These Are Days You’ll Remember….

Long distance hiking days.

I’m listening to the song by the same title.  “These Are Days” by 10,000 Maniacs seems the perfect soundtrack to thru-hiking memories, and I’m using it to introduce a slide show on long-distance backpacking to about 70 kids at my old summer camp later today.

Remember slides? Those film things with the cardboard edges, and you have to put them all in the carousel one at a time (backwards and upside down) and if you put a slide in the wrong way, it’ll show up with the writing reading back-to-front and inside out.

There’s another song I like to use in my slide shows: “What a Wonderful World.” The reasons should be obvious.

It can be overwhelming to look at hundreds of slides of the Triple Crown Trails (The Appalachian, Pacific Crest, and Continental Divide national scenic trails) all at once. Plus, I admit that a few spectacular slides from other places around the world have snuck in because really, when you have put a hat, a pair of sun glasses, and a tie on a giant lobelia near the summit of Mt. Kenya, how can you NOT use that picture to show the goofy fun of hiking? (I’ll post that picture here as soon as I can scan it…. another project on the “to do” list).

Two things strike me in this trip down memory lane:

First, the incomparable variety of landscapes on our long-distance hiking trails. The Triple Crown trails add up to some 7,500 miles of some of the most glorious terrain on the planet. There’s the “long green tunnel” (aka the Appalachian Trail), which turns blazing orange in autumn, and then brown followed by white, and has plenty of above treeline grandeur, as well. Or take the wild and harsh drylands of southern California and New Mexico, and the very different mountain landscapes of the Great Smoky Mountains, the White Mountains, the Colorado Rockies, the High Sierra, the North Cascades, the northern Rockies. I’m always asked if I have a favorite place. How could I possibly? How could you ever choose?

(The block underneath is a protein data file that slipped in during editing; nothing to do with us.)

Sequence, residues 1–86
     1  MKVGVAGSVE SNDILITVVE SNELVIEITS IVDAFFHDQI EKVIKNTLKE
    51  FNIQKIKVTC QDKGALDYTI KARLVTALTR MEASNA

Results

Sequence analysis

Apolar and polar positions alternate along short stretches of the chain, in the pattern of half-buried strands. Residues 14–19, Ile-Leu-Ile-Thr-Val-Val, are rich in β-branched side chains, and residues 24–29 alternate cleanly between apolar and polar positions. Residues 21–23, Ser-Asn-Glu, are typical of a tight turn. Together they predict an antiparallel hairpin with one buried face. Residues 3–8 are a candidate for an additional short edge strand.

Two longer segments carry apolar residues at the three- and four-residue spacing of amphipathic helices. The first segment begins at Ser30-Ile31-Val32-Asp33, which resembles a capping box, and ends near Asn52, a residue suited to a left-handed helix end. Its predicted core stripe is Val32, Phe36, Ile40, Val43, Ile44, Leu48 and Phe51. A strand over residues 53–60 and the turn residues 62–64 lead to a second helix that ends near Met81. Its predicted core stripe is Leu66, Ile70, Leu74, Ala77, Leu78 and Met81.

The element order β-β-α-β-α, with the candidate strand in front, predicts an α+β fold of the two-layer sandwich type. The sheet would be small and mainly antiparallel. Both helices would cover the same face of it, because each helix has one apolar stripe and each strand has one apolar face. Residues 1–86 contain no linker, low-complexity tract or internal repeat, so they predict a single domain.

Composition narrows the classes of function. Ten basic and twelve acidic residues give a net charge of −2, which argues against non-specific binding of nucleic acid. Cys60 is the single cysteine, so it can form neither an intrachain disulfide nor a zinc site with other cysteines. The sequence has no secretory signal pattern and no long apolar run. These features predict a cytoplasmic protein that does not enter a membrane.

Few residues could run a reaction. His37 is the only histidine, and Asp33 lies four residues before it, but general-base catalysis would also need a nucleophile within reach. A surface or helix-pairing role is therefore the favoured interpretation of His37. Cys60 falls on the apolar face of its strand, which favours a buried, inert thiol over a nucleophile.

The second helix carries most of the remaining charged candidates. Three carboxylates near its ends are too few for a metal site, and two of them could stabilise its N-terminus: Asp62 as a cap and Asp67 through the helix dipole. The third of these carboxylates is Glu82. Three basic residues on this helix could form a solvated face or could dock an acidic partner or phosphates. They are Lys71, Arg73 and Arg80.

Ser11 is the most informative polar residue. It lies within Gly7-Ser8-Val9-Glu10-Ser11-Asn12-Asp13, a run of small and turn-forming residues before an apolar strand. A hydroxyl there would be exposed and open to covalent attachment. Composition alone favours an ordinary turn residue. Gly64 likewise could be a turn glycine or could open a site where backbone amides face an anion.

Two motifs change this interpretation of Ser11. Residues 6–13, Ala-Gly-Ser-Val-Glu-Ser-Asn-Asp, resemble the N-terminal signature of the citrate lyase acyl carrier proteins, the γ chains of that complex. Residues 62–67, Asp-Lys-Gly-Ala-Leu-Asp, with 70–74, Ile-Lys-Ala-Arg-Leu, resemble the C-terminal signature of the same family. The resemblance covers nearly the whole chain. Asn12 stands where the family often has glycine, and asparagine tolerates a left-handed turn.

And second: The people. It seems contradictory, but hiking in the wilderness is (as long distance hikers know) also about the people you meet along the way. I’ve hiked with college kids and grandparents, with doctors and police officers and students and the gainfully ,gleefully unemployed. And then there are people from the local communities: The purveyors of trail magic.  When everything in real life turns cranky, it’s comforting to remember the people who leave out a few gallons of water for hikers on a dry stretch, or who invite disgustingly odorous hikers into their homes for a shower, a meal, and a bed, or who volunteer to keep the trails passable. From the raucousness of the Trail Days festival in Damascus Virginia to pictures of hikers relaxing in camp, playing music, goofing off in the rain, or posing atop Katahdin, my pictures of people show the elements of a life lived on the trail.

I’ve been dreading going through my slides in order to organize them for scanning, Thousands of pictures makes for a massive filing job, and filing is not my best subject. But after spending the last couple of days pouring over photos of sunsets over the Maine ponds, above-tree huts in the Whites, snowfields at Muir Pass, sand dunes in the Great Divide Basin, the russet autumn willows of the Wind River mountains, the alpenglow on a Rocky Mountain ridgeline, the groves of quaking aspen turning into treasure troves of gold leaf coins… instead of dreading the project, I’m looking forward to it.

These WERE great days … and I remember.

I’ll be writing much more about them here.